This article examines a public debate about Arabic translation that took place in Cairo in March 1908. The social transformations of the long nineteenth century had been accompanied in Egypt by a parallel upheaval in conceptions of language, and by 1908 Arabic, like the global economy, seemed threatened by crisis. Some speeches from the debate actually connect these crises, equating linguistic meaning with financial value or critiquing the "costliness" of literary style; others conceive translation as an exchange predicated on equivalence between languages and governed by abstract economic laws. Scholars have suggested that the cultural violence of colonialism has structured modern Arabic literary production and defined its place within world and comparative literary studies. Here, I ask how that place might be reconceived if early twentieth-century Arabic theories of literature and language are understood as embedded not only in colonial ideological paradigms, but also in (imperial) capitalist logics of market efficiency and infinite exchangeability.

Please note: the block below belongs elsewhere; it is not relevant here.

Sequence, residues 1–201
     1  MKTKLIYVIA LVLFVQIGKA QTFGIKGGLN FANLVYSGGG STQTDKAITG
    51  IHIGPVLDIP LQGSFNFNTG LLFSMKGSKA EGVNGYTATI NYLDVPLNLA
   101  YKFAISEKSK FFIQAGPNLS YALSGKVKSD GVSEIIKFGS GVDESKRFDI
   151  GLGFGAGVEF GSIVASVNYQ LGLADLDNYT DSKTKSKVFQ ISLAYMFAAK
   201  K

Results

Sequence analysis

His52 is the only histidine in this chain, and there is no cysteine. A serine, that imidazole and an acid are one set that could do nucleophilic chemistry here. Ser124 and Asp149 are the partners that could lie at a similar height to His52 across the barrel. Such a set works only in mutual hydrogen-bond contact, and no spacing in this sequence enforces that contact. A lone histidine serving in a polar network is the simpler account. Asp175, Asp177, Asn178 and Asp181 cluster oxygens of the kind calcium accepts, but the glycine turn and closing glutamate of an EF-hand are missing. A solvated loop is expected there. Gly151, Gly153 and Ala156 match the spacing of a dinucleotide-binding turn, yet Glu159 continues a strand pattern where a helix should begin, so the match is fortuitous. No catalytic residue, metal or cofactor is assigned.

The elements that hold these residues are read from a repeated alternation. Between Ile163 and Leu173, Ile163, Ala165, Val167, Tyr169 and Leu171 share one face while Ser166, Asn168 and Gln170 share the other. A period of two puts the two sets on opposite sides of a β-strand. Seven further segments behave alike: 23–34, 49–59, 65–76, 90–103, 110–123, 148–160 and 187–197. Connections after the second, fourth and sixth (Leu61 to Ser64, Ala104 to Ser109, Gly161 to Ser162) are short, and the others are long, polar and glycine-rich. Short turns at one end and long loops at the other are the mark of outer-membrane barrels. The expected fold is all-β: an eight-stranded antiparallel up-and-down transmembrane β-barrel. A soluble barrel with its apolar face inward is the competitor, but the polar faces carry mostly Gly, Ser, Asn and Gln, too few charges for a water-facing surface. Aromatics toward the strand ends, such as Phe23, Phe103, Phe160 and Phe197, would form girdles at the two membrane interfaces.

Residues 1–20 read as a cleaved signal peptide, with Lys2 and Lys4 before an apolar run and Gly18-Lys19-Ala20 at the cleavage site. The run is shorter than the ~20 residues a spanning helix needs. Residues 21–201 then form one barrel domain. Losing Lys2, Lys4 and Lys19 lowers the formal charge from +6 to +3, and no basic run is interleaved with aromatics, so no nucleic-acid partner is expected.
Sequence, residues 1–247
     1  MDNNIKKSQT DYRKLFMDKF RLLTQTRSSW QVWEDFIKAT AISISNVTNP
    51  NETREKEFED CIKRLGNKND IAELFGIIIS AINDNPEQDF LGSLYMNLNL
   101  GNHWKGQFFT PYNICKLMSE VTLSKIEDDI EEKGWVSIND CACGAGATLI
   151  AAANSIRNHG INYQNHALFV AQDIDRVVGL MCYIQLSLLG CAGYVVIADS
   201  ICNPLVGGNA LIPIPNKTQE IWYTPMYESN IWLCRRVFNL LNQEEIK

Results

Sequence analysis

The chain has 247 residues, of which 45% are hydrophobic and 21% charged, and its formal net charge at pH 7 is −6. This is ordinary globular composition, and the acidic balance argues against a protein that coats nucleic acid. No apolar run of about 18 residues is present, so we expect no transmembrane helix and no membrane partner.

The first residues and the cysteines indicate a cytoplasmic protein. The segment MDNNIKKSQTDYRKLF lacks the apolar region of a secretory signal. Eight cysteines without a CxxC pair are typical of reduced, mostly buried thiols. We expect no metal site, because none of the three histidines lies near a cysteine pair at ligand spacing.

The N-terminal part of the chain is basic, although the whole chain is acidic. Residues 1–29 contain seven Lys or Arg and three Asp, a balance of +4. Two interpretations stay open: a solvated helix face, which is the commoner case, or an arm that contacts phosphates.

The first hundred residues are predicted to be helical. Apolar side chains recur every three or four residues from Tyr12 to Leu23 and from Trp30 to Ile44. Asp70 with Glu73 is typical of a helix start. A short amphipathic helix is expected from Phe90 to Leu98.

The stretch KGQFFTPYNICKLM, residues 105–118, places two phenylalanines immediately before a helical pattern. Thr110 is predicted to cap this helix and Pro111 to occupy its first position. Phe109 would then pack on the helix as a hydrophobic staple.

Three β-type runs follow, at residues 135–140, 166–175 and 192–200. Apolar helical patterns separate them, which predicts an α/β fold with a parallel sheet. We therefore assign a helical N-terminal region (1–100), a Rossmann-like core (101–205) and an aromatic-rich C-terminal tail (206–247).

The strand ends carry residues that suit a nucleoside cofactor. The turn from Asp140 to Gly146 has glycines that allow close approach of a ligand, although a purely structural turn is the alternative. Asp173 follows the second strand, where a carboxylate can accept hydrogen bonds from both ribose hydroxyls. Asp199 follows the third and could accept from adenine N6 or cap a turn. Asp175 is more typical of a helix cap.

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pp. 187-209
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